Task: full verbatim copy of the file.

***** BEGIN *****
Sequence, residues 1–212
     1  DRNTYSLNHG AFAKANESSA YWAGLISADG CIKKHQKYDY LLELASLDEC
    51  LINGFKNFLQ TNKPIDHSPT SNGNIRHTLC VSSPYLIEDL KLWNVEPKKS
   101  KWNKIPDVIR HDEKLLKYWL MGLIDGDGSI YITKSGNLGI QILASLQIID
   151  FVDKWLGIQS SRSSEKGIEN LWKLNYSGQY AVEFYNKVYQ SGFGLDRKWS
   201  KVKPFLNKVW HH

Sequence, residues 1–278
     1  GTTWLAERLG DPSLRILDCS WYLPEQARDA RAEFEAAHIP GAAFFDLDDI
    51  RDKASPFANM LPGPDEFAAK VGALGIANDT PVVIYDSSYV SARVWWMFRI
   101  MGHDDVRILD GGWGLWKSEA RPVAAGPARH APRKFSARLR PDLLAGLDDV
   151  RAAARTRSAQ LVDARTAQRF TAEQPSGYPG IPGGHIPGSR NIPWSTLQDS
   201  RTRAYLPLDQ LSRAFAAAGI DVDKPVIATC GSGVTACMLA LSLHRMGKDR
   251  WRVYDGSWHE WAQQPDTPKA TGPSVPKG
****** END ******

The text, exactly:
Sequence, residues 1–212
     1  DRNTYSLNHG AFAKANESSA YWAGLISADG CIKKHQKYDY LLELASLDEC
    51  LINGFKNFLQ TNKPIDHSPT SNGNIRHTLC VSSPYLIEDL KLWNVEPKKS
   101  KWNKIPDVIR HDEKLLKYWL MGLIDGDGSI YITKSGNLGI QILASLQIID
   151  FVDKWLGIQS SRSSEKGIEN LWKLNYSGQY AVEFYNKVYQ SGFGLDRKWS
   201  KVKPFLNKVW HH

Sequence, residues 1–278
     1  GTTWLAERLG DPSLRILDCS WYLPEQARDA RAEFEAAHIP GAAFFDLDDI
    51  RDKASPFANM LPGPDEFAAK VGALGIANDT PVVIYDSSYV SARVWWMFRI
   101  MGHDDVRILD GGWGLWKSEA RPVAAGPARH APRKFSARLR PDLLAGLDDV
   151  RAAARTRSAQ LVDARTAQRF TAEQPSGYPG IPGGHIPGSR NIPWSTLQDS
   201  RTRAYLPLDQ LSRAFAAAGI DVDKPVIATC GSGVTACMLA LSLHRMGKDR
   251  WRVYDGSWHE WAQQPDTPKA TGPSVPKG